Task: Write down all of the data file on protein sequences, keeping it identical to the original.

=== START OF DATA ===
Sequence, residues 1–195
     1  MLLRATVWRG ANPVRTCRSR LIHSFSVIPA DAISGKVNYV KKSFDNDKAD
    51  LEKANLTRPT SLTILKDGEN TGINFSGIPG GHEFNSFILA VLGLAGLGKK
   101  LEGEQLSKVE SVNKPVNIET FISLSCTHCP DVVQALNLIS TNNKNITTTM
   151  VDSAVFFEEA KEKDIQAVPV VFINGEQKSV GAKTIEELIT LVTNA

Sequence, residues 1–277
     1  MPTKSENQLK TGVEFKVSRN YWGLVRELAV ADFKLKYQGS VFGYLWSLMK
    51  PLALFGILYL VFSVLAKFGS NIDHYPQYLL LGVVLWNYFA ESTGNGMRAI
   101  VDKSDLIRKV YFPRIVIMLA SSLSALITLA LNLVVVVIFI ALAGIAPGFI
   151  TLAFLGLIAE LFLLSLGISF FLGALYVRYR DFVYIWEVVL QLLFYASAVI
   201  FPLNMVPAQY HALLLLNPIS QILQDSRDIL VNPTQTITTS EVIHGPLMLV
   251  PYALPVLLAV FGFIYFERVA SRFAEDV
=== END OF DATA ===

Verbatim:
Sequence, residues 1–195
     1  MLLRATVWRG ANPVRTCRSR LIHSFSVIPA DAISGKVNYV KKSFDNDKAD
    51  LEKANLTRPT SLTILKDGEN TGINFSGIPG GHEFNSFILA VLGLAGLGKK
   101  LEGEQLSKVE SVNKPVNIET FISLSCTHCP DVVQALNLIS TNNKNITTTM
   151  VDSAVFFEEA KEKDIQAVPV VFINGEQKSV GAKTIEELIT LVTNA

Sequence, residues 1–277
     1  MPTKSENQLK TGVEFKVSRN YWGLVRELAV ADFKLKYQGS VFGYLWSLMK
    51  PLALFGILYL VFSVLAKFGS NIDHYPQYLL LGVVLWNYFA ESTGNGMRAI
   101  VDKSDLIRKV YFPRIVIMLA SSLSALITLA LNLVVVVIFI ALAGIAPGFI
   151  TLAFLGLIAE LFLLSLGISF FLGALYVRYR DFVYIWEVVL QLLFYASAVI
   201  FPLNMVPAQY HALLLLNPIS QILQDSRDIL VNPTQTITTS EVIHGPLMLV
   251  PYALPVLLAV FGFIYFERVA SRFAEDV